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Opening Arguments

Call it a flu vacation

There's been a lot of discussion about how prepared we might be medically in case of a bird flu pandemic. But not a lot of attention has been paid to how a serious quarantine would play out. Schools, for example, might have to cope with keeping education going while being closed for weeks:

Schools may be ordered to close to prevent spreading the disease.

In Massachusetts, school administrators are considering using an automated phone bank to announce homework assignments and update parents. Another plan would use the Internet for communication between students and their teachers.

But those plans are limited, and many places have had budget cuts in technology, said Tom Scott, executive director of the Massachusetts Association of School Superintendents. "I don't think we're anywhere near having a systemic way of approaching this," he said.

No kidding. My colleague Bob Caylor, writing about the subject for our page yesterday, got this out of Fort Wayne Community Schools:

. . . Fort Wayne Community Schools isn't likely to provide assignments to children who would stay home.

“We don't have a plan if a pandemic comes around; we can't turn 53 buildings, 32,000 students and 1,800 teachers into a kind of virtual school. We couldn't even do that in a year. We don't have a plan for sending curriculum by e-mail to students,” FWCS spokeswoman Debbie Morgan said.

Posted in: Our town

Comments

Bob G.
Fri, 03/24/2006 - 6:38am

....Excuse me, but there are NO plans to send schoolwork HOME to students who may fall victim of the (bird) flu????

Geez, and I thought the Easter Bunny gig as ridiculous!

((hint - Hey Debbie...slide over and let me show you how to be a spokesperson))

I had a severe bout of double pneumonia while in the 3rd grade. My assigments were sent home (by the request of my mother), and when I was well enough to sit up and write, guess what?
I played "catch-up" until I made up all the backlog, and THEN I got to do the current work assigned.
Never missed a beat, and did NOT get "left behind" (and the grades were all A or B).
And back in the Jurassic Age of schooling (the late 50s), we did NOT have anything approaching a computer (for emails).
So I see absolutely NO excuse to NOT send along the work by whatever means is at hand (teachers, other students, etc).
If this nation is so (rightly) concerned over NO child left behind......I can't think of a better way than to "Return to those days of yesteryear" (with apologies to the Lone Ranger).
Hi-Yo...Homework!!!!

Bob G.

Dave
Fri, 03/24/2006 - 11:24am

Bob, I think your focus is narrow, YOU were sick. We're talking about a potential pandemic, lots of schoolkids sick, teachers sick, administrators sick. This bird flu is scary stuff and I don't wish to be an alarmist but I hope and pray it doesn't come.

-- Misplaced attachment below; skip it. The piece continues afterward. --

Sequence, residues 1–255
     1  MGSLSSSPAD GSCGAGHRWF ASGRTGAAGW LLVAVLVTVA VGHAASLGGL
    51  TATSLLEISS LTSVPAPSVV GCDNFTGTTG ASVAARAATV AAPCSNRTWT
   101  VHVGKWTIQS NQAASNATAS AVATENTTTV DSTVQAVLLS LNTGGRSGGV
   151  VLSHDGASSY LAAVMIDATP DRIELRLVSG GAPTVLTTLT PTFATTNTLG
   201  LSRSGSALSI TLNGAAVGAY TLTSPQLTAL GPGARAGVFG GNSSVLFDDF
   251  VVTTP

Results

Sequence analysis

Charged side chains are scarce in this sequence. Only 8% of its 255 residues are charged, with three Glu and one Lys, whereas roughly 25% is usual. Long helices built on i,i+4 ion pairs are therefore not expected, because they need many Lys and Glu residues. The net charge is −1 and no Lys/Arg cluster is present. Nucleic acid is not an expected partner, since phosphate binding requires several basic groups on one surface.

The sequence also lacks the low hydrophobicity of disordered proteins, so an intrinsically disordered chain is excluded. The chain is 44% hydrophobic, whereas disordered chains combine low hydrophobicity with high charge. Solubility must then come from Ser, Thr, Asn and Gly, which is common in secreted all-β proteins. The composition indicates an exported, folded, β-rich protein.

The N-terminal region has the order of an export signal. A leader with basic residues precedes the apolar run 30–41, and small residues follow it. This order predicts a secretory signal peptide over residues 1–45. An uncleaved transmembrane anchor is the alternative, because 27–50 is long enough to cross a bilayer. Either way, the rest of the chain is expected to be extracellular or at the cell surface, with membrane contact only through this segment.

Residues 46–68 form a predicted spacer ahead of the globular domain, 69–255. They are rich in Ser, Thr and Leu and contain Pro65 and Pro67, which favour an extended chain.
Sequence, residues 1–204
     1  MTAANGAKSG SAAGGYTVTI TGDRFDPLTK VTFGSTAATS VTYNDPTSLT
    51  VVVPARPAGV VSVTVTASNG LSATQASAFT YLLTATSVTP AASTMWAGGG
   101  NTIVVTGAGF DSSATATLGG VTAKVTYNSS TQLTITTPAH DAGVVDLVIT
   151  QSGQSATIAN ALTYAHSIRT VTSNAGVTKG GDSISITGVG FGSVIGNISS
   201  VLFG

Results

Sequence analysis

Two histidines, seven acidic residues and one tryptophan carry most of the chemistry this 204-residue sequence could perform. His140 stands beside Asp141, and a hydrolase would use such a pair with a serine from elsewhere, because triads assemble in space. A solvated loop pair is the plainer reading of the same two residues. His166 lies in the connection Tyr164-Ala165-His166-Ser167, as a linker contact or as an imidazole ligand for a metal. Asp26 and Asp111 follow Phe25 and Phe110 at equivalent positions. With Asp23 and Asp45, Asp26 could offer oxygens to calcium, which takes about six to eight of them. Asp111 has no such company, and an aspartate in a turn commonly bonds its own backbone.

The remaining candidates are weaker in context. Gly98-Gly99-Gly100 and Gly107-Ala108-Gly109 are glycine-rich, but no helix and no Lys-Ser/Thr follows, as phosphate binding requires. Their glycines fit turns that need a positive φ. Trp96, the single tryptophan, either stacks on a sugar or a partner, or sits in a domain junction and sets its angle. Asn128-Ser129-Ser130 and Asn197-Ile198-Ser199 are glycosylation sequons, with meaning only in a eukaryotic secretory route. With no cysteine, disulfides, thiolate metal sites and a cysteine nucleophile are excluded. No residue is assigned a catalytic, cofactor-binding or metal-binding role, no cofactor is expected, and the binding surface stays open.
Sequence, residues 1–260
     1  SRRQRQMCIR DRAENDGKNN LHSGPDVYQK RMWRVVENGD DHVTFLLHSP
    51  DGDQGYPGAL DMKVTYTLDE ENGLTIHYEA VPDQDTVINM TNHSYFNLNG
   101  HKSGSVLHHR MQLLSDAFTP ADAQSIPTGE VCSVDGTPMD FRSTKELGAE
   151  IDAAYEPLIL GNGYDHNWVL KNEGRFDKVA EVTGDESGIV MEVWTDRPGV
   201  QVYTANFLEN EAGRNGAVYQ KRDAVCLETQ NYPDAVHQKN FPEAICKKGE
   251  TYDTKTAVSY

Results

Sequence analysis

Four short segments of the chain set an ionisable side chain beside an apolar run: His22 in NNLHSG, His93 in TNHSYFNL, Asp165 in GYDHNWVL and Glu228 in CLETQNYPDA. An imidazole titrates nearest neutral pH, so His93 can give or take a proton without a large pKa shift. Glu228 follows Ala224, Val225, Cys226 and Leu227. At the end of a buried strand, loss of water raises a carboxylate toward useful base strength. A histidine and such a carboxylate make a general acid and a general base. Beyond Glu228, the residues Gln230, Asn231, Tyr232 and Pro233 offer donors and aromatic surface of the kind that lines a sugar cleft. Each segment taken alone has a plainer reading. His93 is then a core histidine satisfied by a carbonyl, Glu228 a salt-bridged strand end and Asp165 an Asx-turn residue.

Bob G.
Fri, 03/24/2006 - 12:06pm

I recall when the Asian Flu came as well as the Hong Kong flu....in hindsight, it seems kind of *overplayed* even though those flus were of a strain NOT disimilar to the bird flu we have today. The most recent mutation IS but a mere *leftover* from previous flus...that's just how they work.

Regarding illnesses, I might have represented ONE case, but you have to admit that it DOES come down to having the PARENT(s) care, and having a SCHOOL SYSTEM that would ASSURE that the kids did not *fall behind*. My mom was far from extraordinary...she was just plain folk trying to make sure her son had a decent shot at a good education. SHe just did what she thought she had to do. If you want to call that remarkable...so be it. It was just the way things worked back then.

I'm sure if parents ASK for the homework..it WILL be handed out. The problem will be getting them to *ask*, instead of having to be *told*. Aye, there's the rub....
And that's also how we help one another.

FWCS does need to get a plan in place, or face losing federal money (because they WILL have children left behind)...and that ALONE should provide more motivation than a angry D.I. at Parris Island on a Monday...!!!

;)

Bob G.

Dave
Sat, 03/25/2006 - 2:42am

Bob, I don't disagree with your comments but I recall stories my grandparents told of the pandemic in 1918 (or was it 17?). They were a young married couple living in Kingsport, TN, at the time, a large portion of the population was sick, not like the Asian flu, not like the Hong Kong flu, but a much more generally spread illness. The entire family living right next door to them died. I'm talking about the kind of widspread sickness that would make homework seem rather secondary.

Bob G.
Sat, 03/25/2006 - 9:21am

That was the (worldwide) "Spanish Flu" outbreak of 1918-1919, and one has to take in consideration the advances in medicine over the past 80 or so years. That alone can go far to ensure that the number of deaths will be lower.
The same cannot be said for countries without the medical means to either prevent OR combat any pandemic.
The simple task of washing one's hands goes a LONG way to avoid transmittal, as does wearing masks (like they do Japan, for example).
Those most at risk in ANY situation such as the one we face will be those with immune system deficiencies (due to prior illness or even diet), the elderly, and infants, especially preemies.

Let's hope the CDC and WHO are all over this one.

Bob

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